The Pittsburgh Pirates have been getting some great reviews on the prospect front.
Last week I wrote about how the Pirates had placed six prospects on two different top 100 lists. This week, Baseball America released their farm system rankings, putting the Pirates third. Keith Law had them sixth. FanGraphs released their top 61 Pirates prospects, and the grades made the Pirates one of the best teams they’ve graded so far.
This is all encouraging news. These updates are based on talent and potential, and the three updates linked above show the Pirates system having:
**Six of the best 100 prospects in the game, according to BA and Keith Law
**The third or sixth best farm system, according to BA and Law respectively
**47(!) different players with 40 grades or higher, according to FanGraphs
That is a lot of potential MLB talent, with an above-average amount of potential impact MLB talent.
Of course, the word “potential” is key here. Skeptics will point out that we’ve been here before. We’ve seen the Pirates grade high in these lists. Back in 2014, they had Baseball America’s best farm system, and seven different top 100 players. That prospect group didn’t lead to much winning in Pittsburgh.
It’s important to remember that those were just talent rankings. They were based on potential that existed and talent that existed. What we now have come to realize about the Pirates is that they were not good at taking raw talent and getting those talented players to their potential in the majors.
This week I started a new series of articles highlighting the changes in the Pirates’ player development system over the years. The amateur scouting department saw some big changes early in the Neal Huntington days, and the group now is largely the same group that has been in place for awhile. Finding talent hasn’t been the issue. The issue has been the player development.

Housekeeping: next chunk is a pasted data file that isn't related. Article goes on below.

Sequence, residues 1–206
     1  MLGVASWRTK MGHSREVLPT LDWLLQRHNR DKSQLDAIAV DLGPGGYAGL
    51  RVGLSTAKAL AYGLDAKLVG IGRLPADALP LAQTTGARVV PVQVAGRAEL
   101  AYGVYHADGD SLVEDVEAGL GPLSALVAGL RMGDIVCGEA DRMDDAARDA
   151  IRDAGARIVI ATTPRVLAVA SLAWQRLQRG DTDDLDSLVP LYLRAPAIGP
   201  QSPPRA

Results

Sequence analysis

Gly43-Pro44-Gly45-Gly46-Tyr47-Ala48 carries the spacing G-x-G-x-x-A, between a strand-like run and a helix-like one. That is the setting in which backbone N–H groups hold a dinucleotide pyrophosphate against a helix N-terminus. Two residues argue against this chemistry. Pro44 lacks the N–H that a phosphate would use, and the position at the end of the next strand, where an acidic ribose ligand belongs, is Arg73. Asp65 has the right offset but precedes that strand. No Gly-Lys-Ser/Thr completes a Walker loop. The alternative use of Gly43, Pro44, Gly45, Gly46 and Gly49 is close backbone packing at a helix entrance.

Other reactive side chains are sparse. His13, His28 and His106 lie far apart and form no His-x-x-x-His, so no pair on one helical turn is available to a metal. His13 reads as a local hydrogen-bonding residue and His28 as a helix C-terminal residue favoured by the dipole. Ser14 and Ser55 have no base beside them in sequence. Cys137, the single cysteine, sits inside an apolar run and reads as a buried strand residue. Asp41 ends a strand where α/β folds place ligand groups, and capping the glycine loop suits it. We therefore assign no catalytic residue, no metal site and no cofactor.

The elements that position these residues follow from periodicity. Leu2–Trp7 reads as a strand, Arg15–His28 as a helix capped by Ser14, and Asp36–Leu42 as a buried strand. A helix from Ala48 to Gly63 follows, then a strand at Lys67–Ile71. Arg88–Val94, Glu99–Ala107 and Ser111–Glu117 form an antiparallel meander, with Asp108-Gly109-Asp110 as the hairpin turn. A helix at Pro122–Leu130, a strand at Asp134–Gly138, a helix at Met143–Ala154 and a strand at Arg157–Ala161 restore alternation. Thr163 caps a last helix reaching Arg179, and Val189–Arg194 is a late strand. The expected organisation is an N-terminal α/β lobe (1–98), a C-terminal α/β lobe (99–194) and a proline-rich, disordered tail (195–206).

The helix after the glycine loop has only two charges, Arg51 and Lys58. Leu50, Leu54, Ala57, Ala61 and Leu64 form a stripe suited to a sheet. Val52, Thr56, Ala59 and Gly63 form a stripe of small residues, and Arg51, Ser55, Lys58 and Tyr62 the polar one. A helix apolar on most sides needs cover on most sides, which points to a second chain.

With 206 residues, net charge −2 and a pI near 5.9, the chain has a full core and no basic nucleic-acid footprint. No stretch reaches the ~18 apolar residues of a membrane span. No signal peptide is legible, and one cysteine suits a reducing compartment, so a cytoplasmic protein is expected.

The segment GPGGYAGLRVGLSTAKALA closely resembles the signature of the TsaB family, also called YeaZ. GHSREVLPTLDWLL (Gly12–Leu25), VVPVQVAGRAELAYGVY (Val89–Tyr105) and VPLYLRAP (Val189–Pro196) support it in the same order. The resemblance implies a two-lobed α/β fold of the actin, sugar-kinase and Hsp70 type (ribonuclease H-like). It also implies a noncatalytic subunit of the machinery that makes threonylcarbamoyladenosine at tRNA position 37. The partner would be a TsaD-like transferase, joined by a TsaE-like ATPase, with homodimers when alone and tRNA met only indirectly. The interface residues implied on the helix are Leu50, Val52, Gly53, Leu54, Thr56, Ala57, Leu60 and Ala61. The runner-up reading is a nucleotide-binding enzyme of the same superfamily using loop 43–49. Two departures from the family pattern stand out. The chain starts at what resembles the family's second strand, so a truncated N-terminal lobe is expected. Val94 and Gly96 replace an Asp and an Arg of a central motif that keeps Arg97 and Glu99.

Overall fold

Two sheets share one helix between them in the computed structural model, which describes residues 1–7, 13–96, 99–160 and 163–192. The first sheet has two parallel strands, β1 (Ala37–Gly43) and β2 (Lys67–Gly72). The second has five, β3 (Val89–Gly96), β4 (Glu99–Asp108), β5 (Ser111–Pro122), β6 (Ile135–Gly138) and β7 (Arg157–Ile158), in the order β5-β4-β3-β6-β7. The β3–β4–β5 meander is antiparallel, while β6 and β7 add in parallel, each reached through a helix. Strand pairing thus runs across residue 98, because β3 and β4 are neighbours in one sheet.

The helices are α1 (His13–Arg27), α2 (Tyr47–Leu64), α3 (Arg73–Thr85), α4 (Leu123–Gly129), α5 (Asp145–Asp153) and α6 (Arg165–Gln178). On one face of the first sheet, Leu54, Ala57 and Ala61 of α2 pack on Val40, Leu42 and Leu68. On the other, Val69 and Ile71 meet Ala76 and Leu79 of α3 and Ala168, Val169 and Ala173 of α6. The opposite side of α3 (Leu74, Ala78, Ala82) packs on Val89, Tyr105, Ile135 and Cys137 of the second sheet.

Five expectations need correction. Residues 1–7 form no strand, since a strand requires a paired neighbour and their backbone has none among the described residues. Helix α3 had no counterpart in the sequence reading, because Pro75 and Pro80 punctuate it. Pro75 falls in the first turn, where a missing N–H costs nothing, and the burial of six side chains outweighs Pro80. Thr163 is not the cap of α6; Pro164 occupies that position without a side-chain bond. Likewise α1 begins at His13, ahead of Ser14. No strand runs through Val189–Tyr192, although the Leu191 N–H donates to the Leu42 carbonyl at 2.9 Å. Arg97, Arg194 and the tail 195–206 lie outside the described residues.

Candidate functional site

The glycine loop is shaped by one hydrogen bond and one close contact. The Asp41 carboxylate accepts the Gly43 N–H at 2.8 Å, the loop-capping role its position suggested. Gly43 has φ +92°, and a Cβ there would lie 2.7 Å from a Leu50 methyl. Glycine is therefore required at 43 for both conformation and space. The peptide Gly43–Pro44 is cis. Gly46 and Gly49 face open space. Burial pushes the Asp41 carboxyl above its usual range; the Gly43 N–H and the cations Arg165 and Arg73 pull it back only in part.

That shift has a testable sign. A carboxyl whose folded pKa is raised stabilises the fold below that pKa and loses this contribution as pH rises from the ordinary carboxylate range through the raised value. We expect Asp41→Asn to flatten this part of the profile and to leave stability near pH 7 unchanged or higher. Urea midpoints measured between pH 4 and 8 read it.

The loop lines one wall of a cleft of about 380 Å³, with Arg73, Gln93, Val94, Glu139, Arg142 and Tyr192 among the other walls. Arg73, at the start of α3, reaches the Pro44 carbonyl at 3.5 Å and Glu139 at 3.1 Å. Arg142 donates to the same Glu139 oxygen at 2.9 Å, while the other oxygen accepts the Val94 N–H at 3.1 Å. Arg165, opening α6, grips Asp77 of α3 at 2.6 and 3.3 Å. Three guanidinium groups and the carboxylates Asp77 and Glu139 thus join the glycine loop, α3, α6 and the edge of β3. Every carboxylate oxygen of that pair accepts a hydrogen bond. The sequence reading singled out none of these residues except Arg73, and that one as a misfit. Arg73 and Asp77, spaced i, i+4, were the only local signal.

The Pirates have been overhauling their player development system with the hiring of new farm director John Baker, who has been implementing a more individualized and collaborative approach to development plans. This also includes a different approach on mindsets and a focus on constant growth.
We don’t know if this plan will work. I’ll say that it sounds a lot better than the previous approach, which largely presented prospects with top-down development plans that they didn’t have much ownership over. There was also the drill sergeant approach that created a tense environment for some, whereas now, players can develop on their own plan at their own pace.
This is like the Pirates getting a second chance. It’s not a guarantee that you can get such high farm system grades across different years in such a short amount of time. The first top system didn’t produce the desired results. The scouting department has continued to find talent, getting the Pirates another opportunity. They’ve addressed the glaring area of weakness from the last top farm system in Pittsburgh, with hopes that this will lead to better results this time around.
Or, as John Baker put it to me last year: “When these guys get to PNC, our vision for them is riding over that Clemente Bridge on a float. That’s what we want to do.”